Adventures in Awesfur: "The Wizard Under the Well"

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PZOPDFRFGRFGAA002E_180[1]By Enzeitgeist

This pdf is 12 pages long, 1 page front cover, 1 page editorial, 1 page SRD, leaving us with 9 pages of content, so let’s check this out!

This being an adventure-review, the following contains SPOILERS.

All right, still here? The PCs awake after a night in the local bar with a high tab indeed – for once a rather creative angle to get them into adventuring for the half-orcish bartender – kudos! In order to work of the damages and expenses they caused – they just have to find this guy called Tabarius – he owes the proprietor a LOT of money. Thing is, the guy’s a wizard and in his home – well, the PCs find dead bodies. The trail of blood leads to a well at the outskirts of town and stops abruptly.

It is this well that conceals this module’s dungeona nd from the start, we have an issue – there are no DCs provided to climb down the well. Is it slimy? Higher DCs? 10? 20? We don’t know. Speaking of “We don’t know” – the imprisoned Tabarius can be found with relative ease in a cell in the dungeon.

The opposition in the short dungeon mostly consists of orcs, with a direwolf and a half-orc barbarian as the two “bosses” – each encountered separately, though. The dungeon also sports a pit trap with a spider-swarm and ends when the PCs find a strange carved door in the complex that they can’t get to open. A first in a Rocks Fall-module I’ve read so far, the environment is mentioned in the half-orc-encounter, with the possibility of being thrown/knocked in.


Editing and formatting this time around is very good, I noticed no significant glitches. Layout is HORRIBLY ugly – for a rant of all that’s wrong with it, see my review of Dark Totem Pt. I. Cartography is basic and essentially not aesthetically pleasing, but does its job. We get neither player-friendly versions of the map, nor bookmarks, which is a no-go.

That being said, this one is better than the Dark Totem-two-parter. The angle is interesting and cool and honestly, this module could have been funny. I really enjoyed the beginning, the trail to the well…and then came the dungeon.

No rules are provided for entering its well. No justification is given why noone has noticed that there’s a friggin’ dungeon down there, even though wells are central parts of any settlement’s infrastructure. While at least some encounters marginally feature environmental effects, e.g. the spider swarm’s net has NO effect on the players -none at all.

Neither do the pieces of furniture lying around, a fire pit etc. Which is a pity, since one of the strengths of Rocks Fall’s modules are the magnified combat-maps for the respective encounters – they are not beautiful, but they feature furniture etc. – that no one ever uses in combat. Also, I don’t get how the direwolf came down the well or what exactly is the “flair” of the dungeon supposed to be: Carved walls? Caves? An artificially-designed complex? Has the wall to the well only recently broken down? How come nobody noticed this perplexingly abstract dungeon before? How did the dire wolf get down the well?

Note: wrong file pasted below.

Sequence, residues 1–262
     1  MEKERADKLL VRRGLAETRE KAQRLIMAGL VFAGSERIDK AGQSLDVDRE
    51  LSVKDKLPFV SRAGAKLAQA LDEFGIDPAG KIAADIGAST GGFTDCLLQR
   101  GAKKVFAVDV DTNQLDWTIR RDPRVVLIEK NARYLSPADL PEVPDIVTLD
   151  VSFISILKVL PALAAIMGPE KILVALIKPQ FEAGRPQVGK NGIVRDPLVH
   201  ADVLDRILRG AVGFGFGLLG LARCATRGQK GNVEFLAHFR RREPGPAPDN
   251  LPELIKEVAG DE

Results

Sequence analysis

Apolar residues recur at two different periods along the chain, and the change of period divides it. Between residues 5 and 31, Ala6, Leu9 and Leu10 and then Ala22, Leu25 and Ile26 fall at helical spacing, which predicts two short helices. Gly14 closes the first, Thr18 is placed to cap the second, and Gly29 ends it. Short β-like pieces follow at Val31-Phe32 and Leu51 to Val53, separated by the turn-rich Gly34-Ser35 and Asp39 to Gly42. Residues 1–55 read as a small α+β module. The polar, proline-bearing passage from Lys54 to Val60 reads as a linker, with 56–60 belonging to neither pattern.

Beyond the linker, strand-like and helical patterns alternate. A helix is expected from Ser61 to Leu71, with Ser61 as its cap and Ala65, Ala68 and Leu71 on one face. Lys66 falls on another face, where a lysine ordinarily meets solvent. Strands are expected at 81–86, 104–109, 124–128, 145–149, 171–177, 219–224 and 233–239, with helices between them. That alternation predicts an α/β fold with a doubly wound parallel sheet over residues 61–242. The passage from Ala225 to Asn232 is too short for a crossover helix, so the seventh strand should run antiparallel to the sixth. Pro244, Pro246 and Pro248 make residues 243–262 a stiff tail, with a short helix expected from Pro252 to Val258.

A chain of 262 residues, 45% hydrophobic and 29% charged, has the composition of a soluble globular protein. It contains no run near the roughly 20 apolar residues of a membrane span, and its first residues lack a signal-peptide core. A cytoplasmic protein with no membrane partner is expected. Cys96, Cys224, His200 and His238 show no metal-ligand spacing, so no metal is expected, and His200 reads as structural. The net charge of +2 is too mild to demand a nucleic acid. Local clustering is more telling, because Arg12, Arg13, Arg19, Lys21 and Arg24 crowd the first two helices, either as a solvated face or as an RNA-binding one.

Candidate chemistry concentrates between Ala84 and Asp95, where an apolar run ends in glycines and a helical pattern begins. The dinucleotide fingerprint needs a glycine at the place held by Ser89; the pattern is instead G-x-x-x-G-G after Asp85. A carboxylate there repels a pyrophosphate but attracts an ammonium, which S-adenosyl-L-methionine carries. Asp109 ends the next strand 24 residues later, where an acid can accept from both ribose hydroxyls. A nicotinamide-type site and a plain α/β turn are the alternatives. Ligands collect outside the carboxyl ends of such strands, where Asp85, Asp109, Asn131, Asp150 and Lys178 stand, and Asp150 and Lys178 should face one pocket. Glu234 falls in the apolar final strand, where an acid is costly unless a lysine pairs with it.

This module is designed as a short, simple sidetrek and its cool angle is neat, but the meat of the module falls apart quicker than a plate mail in the antennae of a rust monster, showing us a “dungeon” with “rooms” and “Chambers”, but not sufficient descriptions beyond that to evoke any sense of immersion. There is no reason why the orcs have not slaughtered their captive or taken heed to conceal their presence, nor is it explained how they managed to capture their captive without alerting the whole town. This module is missing about 8-10 pages of explanations, description, environmental factors to make the combats more exciting etc. – so much so, that any closer scrutiny makes the yarn of the narrative come completely apart.

While still superior to the Dark Totem-modules, “The Wizard in the Well” is still in no way a captivating read or module that any but the most inexperienced of DMs could concoct spontaneously. I have created more complex modules when mastering with an utter hangover sans any preparation at a con and while per se not bad in the classic meaning of the word, the module in the end lacks substance. And soul. The lack of environmental information and pieces of knowledge on the dungeon mean that the module comes off as sterile, with just a few hotspots to interact with beyond the limited combats and when held to the scrutiny of a game’s world’s internal logic, it break unfortunately apart even further. The basic idea could have been a fun module, but the boring, uninspired dungeon essentially snuffs out the potential the module’s premise had. For a hangover-story done right, check out the Witcher 2: Assassin of King’s videogame, it also has more hotspots to interact with than this module. My final verdict will be 1.5 stars, rounded down to 1 for the purpose of this platform.

Endzeitgeist out.

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